The Queen has often been likened to St. Teresa of Jesus. Venerable Juan de Palafox, who made extensive studies of the writings of Isabel and St. Teresa, claimed “that if St. Teresa had been a queen she would have been another Queen Isabel and if Queen Isabel had been a nun she would have been another St. Teresa of Jesus.” Isabel was born of Catholic parents on April 22, 1451. In her veins ran the blood of many great saints such as St. Ferdinand of Castile, St. Isabel of Portugal, and St. Louis of France. Considering this extraordinary Catholic heritage, it is no wonder that Our Lord entrusted the Queen with many crosses during her life, which she accepted as a true follower of Jesus.

Queen Isabel’s father died when she was very young and her half-brother took over the rule of the kingdom. She was consequently raised by her widowed mother. Isabel was promised in marriage to no less than six suitors, the first promise being made when she was only 7 years old. At one point, her half-brother promised Isabel in marriage to Pedro Giron, a scoundrel reputed to have many vices, who had no trace of royal blood. Isabel knew about this man from a few years earlier. This was the man who had made certain insulting and indecent proposals to Isabel’s mother in the very presence of Isabel. Moreover, he was 43 years old and Isabel, only 15. When Isabel found out that she was promised to such a man, she immediately turned to God for succor. The honor and purity of Isabel shine forth in the fact that she had long resisted the influences of the exceptionally corrupt court of the King, and in this instance, she locked herself in her room and fasted for three days. Then, during the following three days and nights, she knelt almost continually before a Crucifix, passionately repeating over and over again with tears in her eyes: “Dear God, compassionate Savior, do not let me be given to this man! Either let him die, or let me die!” Seeing her behavior, the King, her half-brother, replied to Isabel with disdain: “You need to be taught who is King of Castile.”

Pedro Giron, on the other hand, was very pleased at hearing the news, and he set out with all possible haste. On the first evening of his departure he journeyed with pomp and laughter. He kept gloating to those around him about how the princess would soon be his. But that very night he became violently ill. He started slowly suffocating and the doctors could do nothing to help. A frenzy seized him when he realized the hopelessness of his condition. He cast aside all pretense of being Catholic. He refused the sacraments and would not even repeat any Christian prayers. On the third day after his departure, still hoping to arrive in time, he died, blaspheming God for His cruelty in refusing to add only forty more days to his forty-three years, so that he might “enjoy” his royal bride. Isabel received the news of his death with tears of joy and gratitude, for she considered it a direct answer to her prayers. She hastened to the chapel and fell on her knees to offer thanks to God.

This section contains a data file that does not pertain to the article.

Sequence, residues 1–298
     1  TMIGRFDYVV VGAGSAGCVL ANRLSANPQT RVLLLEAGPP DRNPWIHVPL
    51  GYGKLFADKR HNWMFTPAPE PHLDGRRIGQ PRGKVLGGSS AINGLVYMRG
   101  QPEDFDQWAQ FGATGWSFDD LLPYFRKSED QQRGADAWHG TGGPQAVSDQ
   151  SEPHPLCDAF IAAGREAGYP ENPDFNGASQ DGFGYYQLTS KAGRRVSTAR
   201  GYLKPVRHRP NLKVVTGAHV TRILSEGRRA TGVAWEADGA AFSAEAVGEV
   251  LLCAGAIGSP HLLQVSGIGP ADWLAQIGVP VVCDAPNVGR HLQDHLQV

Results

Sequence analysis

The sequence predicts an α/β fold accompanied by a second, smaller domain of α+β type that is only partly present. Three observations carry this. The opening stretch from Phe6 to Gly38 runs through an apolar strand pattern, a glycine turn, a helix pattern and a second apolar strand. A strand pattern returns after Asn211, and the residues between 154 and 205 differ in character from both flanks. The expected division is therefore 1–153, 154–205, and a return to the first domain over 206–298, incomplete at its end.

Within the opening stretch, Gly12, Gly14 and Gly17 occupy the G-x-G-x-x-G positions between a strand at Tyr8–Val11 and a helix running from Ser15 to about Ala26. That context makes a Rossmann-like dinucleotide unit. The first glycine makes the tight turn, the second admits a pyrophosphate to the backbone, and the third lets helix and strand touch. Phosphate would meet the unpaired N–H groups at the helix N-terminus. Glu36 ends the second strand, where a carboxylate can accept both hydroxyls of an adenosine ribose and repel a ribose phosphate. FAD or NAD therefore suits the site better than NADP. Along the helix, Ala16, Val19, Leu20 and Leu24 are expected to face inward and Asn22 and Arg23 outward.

As Our Lord would have it, Ferdinand of Aragon was the one she finally chose to marry. Isabel’s filial love for Mother Church is evident in the words she wrote at this time: “Our marriage was arranged in the eyes of Holy Mother Church and my conscience is very much at ease in this matter.” Her half-brother, King Enrique, was not at ease, however. He strongly opposed her marriage to Ferdinand.

The next five years were ones of intense struggle for the newly wed couple who, it seemed, had enemies everywhere plotting against them, including Isabel’s half-brother, King Enrique. But God was preparing Isabel with many heroic tests for the historic mission for which He had chosen her. In her soul a great desire for justice was growing, as she witnessed so many citizens suffer from the horrors for violence and exploitation. Through all her hardships, she always maintained herself faithful to the King, her half-brother, and was endowed with a spirit of harmony, peace and collaboration. This same spirit also guided her in her submission to the Church of Rome.

In 1474, five years after Isabel’s marriage, King Enrique died. Isabel was then proclaimed Queen of Castile. One thing that is very clear in the life of Queen Isabel is her resolve not to begin any important undertaking without first having the clear approval of the Holy Father. The Papal Nuncio was present at her enthronement in Segovia along with the Papal Legate, clear signs of the Holy Father’s support of to her taking the throne. When Isabel was sworn in as Queen of Castile, she vowed, with her hand on the Bible, to be obedient to the commandments of Holy Church, to honor her prelates and ministers, and to defend the Church with all her strength.

In anyone’s eyes, Queen Isabel would be considered great just by the fact that, with great prudence, justice and fortitude, she joined together 27 separate kingdoms into one strongly united Spain. It is a striking example of how a truly Christian leader can elevate a people from a state of extreme prostration to become a world power. Before Isabel’s reign, it was often not safe to walk or travel in cities or through the countryside. Many people were victimized by rampant violence, and there was terrible corruption among civil leaders. In a short time, all this changed with Queen Isabel. But her reign did not get off to any easy beginning. Just two weeks after Isabel’s proclamation as Queen of Castile, Alfonso V of Portugal -- one of her earlier suitors for marriage and over 20 years her senior -- invaded Castile and plunged the newly crowned Queen into a war of succession. This was another period of great trials and crosses for Isabel, from which she emerged triumphant four years later.